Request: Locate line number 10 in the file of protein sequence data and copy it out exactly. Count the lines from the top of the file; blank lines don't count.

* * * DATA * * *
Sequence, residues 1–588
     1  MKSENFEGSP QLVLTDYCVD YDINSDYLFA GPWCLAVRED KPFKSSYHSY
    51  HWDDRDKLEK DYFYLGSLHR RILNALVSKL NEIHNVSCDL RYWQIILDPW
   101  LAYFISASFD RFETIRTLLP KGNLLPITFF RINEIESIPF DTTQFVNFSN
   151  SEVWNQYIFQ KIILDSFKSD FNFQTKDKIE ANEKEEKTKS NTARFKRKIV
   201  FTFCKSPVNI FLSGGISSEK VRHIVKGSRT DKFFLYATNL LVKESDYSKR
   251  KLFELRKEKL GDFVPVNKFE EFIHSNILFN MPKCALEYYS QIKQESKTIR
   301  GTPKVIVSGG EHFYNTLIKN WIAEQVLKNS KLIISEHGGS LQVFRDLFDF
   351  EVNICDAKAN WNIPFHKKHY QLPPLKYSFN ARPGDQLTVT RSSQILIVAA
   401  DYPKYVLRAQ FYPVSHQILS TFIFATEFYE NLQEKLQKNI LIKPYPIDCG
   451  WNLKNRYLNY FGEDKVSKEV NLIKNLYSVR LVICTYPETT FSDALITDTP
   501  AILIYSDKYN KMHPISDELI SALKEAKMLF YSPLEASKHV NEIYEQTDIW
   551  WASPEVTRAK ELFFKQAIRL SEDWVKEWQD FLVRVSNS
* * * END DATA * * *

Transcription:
   401  DYPKYVLRAQ FYPVSHQILS TFIFATEFYE NLQEKLQKNI LIKPYPIDCG